Next: Platform comparisons…

Email Newsletters: an introduction: part one

What is a Newsletter, and Why Would You Want to Offer One?

red-dog-news-email-newsletters-graphic-01I have been involved in newsletters for more than 25-years, in both print and electronic formats.

For the sake of this post, however, I’ll be talking only about email newsletters (electronic), since this is the product that the majority of small businesses like you and me should be utilizing.

In addition to the content on your website (that is a whole other topic!), from time to time you should be sending out broadcasts about new work, trips, your wonderful insights, etc. When you are in the beginning stages of setting up your newsletter, you will ultimately be offering your audience a way to subscribe so they can receive your notes and newsletters.

At this point you may be thinking, “What is the point of doing all this work?”

A good question deserves an even better answer… your email list.

When you offer a subscription to your newsletter, you’re enabling yourself to be able to capture email addresses. It’s important to capture email addresses because:

  1. It’s a great way to communicate with your audience on a more personal level. There’s just something about receiving an email from somebody that makes it extremely effective at getting a point across, or making people take some kind of action.
  2. An email list will never die. In other words, if you have an email list, you will always have a way to communicate with your audience. Blogs and websites can die. RSS readers and feed subscription services could vanish. But, those email addresses will never change and you can always keep your audience informed of what you’re up to, even if you go completely off the radar.
  3. It’s where the money is.

Regarding #3, you may or may not have heard this expression before: “The Money is in the List.”

It’s an expression that has been used in the Internet marketing industry since the birth of email (or “snail mail” for that matter), because it’s true. But you do need to be careful when you decide to use your list to make money. You really don’t want it to be all about the money.

Once you make it “all about the money” is when you will begin to lose subscribers by sacrificing your credibility. What you want to do first and foremost is to create a product that helps and informs people. Once you do this and you have gained respectability then it will be time to begin your effort to make money. Online karma does exist.

Regular or Irregular Delivery

You can setup an opt-in form to capture email addresses on your website and only email your subscribers when you have to. This, however, is not such a good idea and I will tell you why.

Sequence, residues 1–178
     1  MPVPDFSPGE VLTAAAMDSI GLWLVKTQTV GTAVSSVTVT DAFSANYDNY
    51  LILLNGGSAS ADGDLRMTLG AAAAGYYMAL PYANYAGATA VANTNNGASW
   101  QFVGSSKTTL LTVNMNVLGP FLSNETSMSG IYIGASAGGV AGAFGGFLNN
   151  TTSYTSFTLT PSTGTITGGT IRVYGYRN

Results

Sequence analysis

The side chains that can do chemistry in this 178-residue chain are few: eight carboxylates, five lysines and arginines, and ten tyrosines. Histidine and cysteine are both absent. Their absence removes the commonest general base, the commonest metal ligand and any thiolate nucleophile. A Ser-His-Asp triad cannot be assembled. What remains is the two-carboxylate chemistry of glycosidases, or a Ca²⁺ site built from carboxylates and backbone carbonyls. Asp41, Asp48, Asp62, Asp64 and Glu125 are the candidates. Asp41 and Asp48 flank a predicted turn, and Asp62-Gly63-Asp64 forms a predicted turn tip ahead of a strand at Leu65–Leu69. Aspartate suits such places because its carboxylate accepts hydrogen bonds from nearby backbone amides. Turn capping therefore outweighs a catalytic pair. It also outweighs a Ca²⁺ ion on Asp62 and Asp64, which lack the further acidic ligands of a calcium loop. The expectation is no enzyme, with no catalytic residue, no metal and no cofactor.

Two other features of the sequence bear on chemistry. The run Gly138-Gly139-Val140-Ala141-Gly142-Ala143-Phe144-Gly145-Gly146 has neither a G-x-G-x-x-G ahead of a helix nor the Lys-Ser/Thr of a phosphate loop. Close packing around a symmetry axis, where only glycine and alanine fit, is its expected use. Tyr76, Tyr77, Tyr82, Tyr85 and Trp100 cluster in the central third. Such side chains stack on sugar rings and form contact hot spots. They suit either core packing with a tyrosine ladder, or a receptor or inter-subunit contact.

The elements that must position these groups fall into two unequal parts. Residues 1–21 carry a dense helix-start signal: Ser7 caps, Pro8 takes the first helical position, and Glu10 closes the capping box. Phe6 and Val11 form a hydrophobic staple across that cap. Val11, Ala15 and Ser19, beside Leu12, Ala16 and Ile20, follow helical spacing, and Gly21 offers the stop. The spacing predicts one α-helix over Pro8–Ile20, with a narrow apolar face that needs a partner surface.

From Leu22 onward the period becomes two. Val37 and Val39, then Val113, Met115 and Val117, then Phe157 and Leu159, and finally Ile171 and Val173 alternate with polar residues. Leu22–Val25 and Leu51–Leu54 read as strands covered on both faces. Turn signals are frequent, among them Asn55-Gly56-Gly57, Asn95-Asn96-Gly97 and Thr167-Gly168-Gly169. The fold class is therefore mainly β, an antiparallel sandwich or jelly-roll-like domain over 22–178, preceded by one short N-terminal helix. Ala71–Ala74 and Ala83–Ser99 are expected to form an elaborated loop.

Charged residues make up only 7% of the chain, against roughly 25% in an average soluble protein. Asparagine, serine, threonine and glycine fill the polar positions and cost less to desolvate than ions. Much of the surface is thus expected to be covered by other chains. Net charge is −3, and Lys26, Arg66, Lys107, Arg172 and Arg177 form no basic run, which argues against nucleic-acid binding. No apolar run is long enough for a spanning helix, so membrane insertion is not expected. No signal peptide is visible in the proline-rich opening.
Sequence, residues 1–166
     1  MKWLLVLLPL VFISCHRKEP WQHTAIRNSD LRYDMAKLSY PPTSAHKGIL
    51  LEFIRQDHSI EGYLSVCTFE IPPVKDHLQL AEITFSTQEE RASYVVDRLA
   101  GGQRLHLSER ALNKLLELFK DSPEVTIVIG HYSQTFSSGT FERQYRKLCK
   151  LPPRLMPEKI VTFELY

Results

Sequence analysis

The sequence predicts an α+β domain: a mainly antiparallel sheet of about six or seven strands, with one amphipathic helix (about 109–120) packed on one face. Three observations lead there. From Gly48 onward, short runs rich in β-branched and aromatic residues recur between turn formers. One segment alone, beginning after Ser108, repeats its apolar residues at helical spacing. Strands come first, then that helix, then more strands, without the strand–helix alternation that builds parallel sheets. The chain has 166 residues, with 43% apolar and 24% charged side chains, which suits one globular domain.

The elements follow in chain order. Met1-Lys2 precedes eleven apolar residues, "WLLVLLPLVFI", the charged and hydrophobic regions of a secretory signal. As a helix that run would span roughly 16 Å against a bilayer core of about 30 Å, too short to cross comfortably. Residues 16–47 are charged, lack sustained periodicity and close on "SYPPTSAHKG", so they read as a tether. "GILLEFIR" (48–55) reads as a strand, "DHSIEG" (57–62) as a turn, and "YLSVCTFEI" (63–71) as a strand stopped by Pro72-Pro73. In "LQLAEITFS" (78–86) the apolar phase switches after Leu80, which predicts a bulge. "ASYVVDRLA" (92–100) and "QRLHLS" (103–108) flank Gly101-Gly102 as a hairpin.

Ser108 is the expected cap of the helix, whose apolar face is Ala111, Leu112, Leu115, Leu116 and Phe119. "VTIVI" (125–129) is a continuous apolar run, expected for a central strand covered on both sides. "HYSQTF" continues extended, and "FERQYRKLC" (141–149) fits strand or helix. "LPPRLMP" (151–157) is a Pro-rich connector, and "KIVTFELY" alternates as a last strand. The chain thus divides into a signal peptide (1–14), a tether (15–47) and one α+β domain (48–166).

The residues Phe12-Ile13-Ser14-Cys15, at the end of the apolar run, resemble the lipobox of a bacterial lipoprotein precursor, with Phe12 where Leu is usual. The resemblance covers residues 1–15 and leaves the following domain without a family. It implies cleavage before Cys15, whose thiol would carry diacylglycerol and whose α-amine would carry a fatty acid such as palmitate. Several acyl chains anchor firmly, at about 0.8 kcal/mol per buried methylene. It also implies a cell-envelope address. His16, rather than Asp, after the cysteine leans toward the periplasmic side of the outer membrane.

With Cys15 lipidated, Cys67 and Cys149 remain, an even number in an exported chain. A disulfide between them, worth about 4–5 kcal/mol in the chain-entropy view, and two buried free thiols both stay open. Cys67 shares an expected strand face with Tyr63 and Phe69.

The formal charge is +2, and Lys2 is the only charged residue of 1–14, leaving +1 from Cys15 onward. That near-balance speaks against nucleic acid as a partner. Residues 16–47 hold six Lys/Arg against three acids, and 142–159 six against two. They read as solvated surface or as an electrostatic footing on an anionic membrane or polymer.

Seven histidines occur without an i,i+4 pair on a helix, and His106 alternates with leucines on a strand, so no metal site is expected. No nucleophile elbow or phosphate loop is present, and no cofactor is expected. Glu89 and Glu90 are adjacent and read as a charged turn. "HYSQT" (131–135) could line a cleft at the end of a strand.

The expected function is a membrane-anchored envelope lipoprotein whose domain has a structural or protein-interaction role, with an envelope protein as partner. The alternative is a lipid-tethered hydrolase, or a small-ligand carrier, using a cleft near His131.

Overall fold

Imagine signing up for a newsletter and not receiving anything from me for weeks or months. What do you think you would do?

  1. Forget who I was and think my email is spam.
  2. Unsubscribe from the list because you’d realize that there’s really no point of being on it.
  3. All of the above.

What you write in your emails doesn’t have to be “news”- it can be anything really. But, it’s important that you contact your subscribers on a consistent basis and provide them with some kind of useful information in order to keep them around.

Remember: All it takes is one click to unsubscribe from your list.

Eureka! The Purpose Of Your Newsletter

Sometimes, a really great (forgotten) notion…

frustrated-tbaAs I was readying myself for this trip to California, I thought I had done the necessary things: made a list and checked things off as I completed those tasks. Upon my return I noticed on my list that I had to dig out of my trash at the office, that I didn’t check off “Back up hard drive.” Sometimes, a really notion… never makes it into a great reality.

Needless to say, my external hard-drive took a nosedive off a dining room table never from which to recover.

“Ahhhh,” I said to myself, “I am sure I backed everything up right before I left.” NOT!

I don’t have to tell you how I felt when I got here and realized the last backup I performed was about one-month prior to leaving.

Lesson learned! Besides having to rebuild quite a few other things, I had to almost build the just-released Red Dog News #159 from scratch. For that reason I am very appreciative of templates and hosted services that are very far away from my clumsiness and slight of mind.

In future posts I will talk a bit more about the trip, which was wonderful, educational, soothing (even amid all the chaos!), and extremely fulfilling on so many fronts.